|14.||Leica M10||139 mm||80 mm||39 mm||660 g||210||Y||Jan 2017||6,595|
|15.||Leica M Typ 240||139 mm||80 mm||42 mm||680 g||..||Y||Sep 2012||6,950|
|16.||Nikon D4||160 mm||157 mm||91 mm||1340 g||2600||Y||Jan 2012||5,999|
|17.||Nikon D3S||160 mm||157 mm||88 mm||1240 g||4200||Y||Oct 2009||5,199|
|Notes: Measurements and pricing do not include easily detachable parts, such as add-on or interchangeable lenses or optional viewfinders.|
Any camera decision will obviously take relative prices into account. The retail prices at the time of the camera’s release place the model in the market relative to other models in the producer’s line-up and the competition. The 1D Mark IV was launched at a markedly lower price (by 40 percent) than the M10-R, which puts it into a different market segment. Usually, retail prices stay at first close to the launch price, but after several months, discounts become available. Later in the product cycle and, in particular, when the replacement model is about to appear, further discounting and stock clearance sales often push the camera price considerably down.
The size of the sensor inside a digital camera is one of the key determinants of image quality. A large sensor will tend to have larger individual pixels that provide better low-light sensitivity, wider dynamic range, and richer color-depth than smaller pixel-units in a sensor of the same technological generation. Moreover, a large sensor camera will give the photographer more control over depth-of-field in the image and, thus, the ability to better isolate a subject from the background. On the downside, larger sensors are more costly to manufacture and tend to lead to bigger and heavier cameras and lenses.
Of the two cameras under consideration, the Canon 1D Mark IV features an APS-H sensor and the Leica M10-R a full frame sensor. The sensor area in the M10-R is 65 percent bigger. As a result of these sensor size differences, the cameras have a format factor of, respectively, 1.3 and 1.0. Both cameras have a native aspect ratio (sensor width to sensor height) of 3:2.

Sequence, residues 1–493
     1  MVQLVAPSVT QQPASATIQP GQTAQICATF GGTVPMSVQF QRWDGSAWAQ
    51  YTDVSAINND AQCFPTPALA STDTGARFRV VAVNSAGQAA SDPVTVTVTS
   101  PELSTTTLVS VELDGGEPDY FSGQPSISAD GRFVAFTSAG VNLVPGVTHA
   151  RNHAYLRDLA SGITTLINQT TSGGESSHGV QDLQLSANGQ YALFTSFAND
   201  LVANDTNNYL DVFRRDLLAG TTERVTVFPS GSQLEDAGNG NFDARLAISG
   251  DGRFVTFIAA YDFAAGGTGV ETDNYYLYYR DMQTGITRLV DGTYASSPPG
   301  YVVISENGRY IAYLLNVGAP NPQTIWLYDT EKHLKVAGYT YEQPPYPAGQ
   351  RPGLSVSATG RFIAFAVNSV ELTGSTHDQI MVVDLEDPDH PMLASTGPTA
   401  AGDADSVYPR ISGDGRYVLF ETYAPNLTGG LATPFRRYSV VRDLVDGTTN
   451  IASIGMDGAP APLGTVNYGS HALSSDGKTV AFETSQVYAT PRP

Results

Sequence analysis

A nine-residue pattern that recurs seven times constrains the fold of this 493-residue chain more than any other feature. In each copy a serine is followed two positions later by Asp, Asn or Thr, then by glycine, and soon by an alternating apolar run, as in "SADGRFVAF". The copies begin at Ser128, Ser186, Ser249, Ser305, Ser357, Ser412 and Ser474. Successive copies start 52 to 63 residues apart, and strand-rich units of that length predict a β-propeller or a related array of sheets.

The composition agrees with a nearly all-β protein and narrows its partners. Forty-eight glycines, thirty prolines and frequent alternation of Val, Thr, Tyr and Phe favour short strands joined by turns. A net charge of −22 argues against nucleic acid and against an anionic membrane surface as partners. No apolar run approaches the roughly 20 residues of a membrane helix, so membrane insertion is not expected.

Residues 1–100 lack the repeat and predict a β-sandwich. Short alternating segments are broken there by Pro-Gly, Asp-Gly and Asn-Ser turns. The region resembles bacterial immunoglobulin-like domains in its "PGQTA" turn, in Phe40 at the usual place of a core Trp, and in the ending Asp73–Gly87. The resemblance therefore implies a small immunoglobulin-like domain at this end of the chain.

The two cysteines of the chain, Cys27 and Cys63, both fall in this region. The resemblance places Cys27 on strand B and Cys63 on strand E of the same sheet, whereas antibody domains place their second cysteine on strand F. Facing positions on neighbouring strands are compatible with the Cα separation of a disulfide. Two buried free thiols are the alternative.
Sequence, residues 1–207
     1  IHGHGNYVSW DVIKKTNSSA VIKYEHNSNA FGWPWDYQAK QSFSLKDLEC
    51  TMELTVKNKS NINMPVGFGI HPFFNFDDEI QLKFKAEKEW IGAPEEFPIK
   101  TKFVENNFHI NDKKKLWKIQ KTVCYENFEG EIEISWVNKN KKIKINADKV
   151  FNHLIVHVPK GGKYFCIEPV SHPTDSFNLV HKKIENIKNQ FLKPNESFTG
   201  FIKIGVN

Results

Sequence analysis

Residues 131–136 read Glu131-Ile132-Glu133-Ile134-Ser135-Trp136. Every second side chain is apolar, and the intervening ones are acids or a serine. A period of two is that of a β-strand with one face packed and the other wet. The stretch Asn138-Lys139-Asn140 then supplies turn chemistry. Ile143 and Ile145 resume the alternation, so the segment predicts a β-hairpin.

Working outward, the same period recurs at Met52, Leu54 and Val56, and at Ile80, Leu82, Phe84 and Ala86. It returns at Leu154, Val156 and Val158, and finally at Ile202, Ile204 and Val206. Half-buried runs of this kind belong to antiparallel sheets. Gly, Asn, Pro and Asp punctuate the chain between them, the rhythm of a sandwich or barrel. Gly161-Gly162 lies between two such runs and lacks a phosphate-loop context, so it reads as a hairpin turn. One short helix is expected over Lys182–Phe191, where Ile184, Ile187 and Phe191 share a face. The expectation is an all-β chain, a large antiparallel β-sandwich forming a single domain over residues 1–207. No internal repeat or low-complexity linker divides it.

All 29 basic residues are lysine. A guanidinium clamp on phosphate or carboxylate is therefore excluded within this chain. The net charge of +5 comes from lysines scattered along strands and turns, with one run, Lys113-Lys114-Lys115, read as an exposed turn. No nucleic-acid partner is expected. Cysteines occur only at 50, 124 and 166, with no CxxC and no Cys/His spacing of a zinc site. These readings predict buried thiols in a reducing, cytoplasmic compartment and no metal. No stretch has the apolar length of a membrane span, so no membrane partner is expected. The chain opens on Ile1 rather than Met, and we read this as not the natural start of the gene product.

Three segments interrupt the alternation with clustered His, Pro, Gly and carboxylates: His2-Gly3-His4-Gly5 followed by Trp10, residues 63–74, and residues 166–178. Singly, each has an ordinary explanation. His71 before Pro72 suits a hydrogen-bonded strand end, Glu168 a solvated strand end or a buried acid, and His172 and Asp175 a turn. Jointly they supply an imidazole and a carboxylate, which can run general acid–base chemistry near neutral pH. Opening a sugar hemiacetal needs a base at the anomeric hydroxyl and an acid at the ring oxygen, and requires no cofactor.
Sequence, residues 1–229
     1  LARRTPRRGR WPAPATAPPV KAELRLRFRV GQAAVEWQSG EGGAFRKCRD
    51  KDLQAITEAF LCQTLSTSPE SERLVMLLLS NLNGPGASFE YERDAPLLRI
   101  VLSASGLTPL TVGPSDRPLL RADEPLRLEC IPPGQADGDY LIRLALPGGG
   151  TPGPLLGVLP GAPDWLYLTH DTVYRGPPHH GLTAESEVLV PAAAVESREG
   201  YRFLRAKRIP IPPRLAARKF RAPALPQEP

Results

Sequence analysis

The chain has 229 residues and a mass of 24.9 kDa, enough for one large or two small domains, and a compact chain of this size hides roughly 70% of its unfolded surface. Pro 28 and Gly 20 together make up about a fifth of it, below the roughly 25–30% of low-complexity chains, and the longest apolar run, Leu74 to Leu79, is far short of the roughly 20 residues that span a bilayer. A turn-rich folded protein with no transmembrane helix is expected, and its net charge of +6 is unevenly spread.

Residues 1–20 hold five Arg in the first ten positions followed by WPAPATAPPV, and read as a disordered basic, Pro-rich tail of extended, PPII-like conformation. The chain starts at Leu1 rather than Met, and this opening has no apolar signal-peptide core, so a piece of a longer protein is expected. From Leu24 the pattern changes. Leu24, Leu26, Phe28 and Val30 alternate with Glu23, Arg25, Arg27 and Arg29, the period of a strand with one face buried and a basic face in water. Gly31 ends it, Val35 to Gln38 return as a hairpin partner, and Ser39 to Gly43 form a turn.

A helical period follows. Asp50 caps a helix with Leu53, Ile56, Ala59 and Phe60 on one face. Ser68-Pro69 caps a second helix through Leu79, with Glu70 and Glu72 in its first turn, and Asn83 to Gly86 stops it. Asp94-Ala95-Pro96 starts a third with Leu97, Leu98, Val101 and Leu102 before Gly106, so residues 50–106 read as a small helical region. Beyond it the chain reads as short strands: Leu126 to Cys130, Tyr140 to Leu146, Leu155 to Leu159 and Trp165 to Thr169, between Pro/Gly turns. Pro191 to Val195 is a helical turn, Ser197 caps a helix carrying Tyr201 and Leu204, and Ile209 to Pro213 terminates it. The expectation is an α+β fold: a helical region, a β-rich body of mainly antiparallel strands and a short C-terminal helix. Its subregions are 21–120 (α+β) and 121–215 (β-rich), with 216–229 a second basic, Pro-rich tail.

With 40.9MP, the M10-R offers a higher resolution than the 1D Mark IV (16MP), but the M10-R has smaller individual pixels (pixel pitch of 4.57μm versus 5.70μm for the 1D Mark IV). Yet, the M10-R is a much more recent model (by 10 years and 8 months) than the 1D Mark IV, and its sensor will have benefitted from technological advances during this time that enhance the light gathering capacity of its pixel-units. Coming back to sensor resolution, it should be mentioned that the M10-R has no anti-alias filter installed, so that it can capture all the detail its sensor resolves.
The resolution advantage of the Leica M10-R implies greater flexibility for cropping images or the possibility to print larger pictures. The maximum print size of the M10-R for good quality output (200 dots per inch) amounts to 39.3 x 26 inches or 99.9 x 66 cm, for very good quality (250 dpi) 31.5 x 20.8 inches or 79.9 x 52.8 cm, and for excellent quality (300 dpi) 26.2 x 17.3 inches or 66.6 x 44 cm. The corresponding values for the Canon 1D Mark IV are 24.5 x 16.3 inches or 62.2 x 41.5 cm for good quality, 19.6 x 13.1 inches or 49.7 x 33.2 cm for very good quality, and 16.3 x 10.9 inches or 41.5 x 27.6 cm for excellent quality prints.
The Canon EOS-1D Mark IV has a native sensitivity range from ISO 100 to ISO 12800, which can be extended to ISO 50-102400. The corresponding ISO settings for the Leica M10-R are ISO 100 to ISO 50000 (no boost).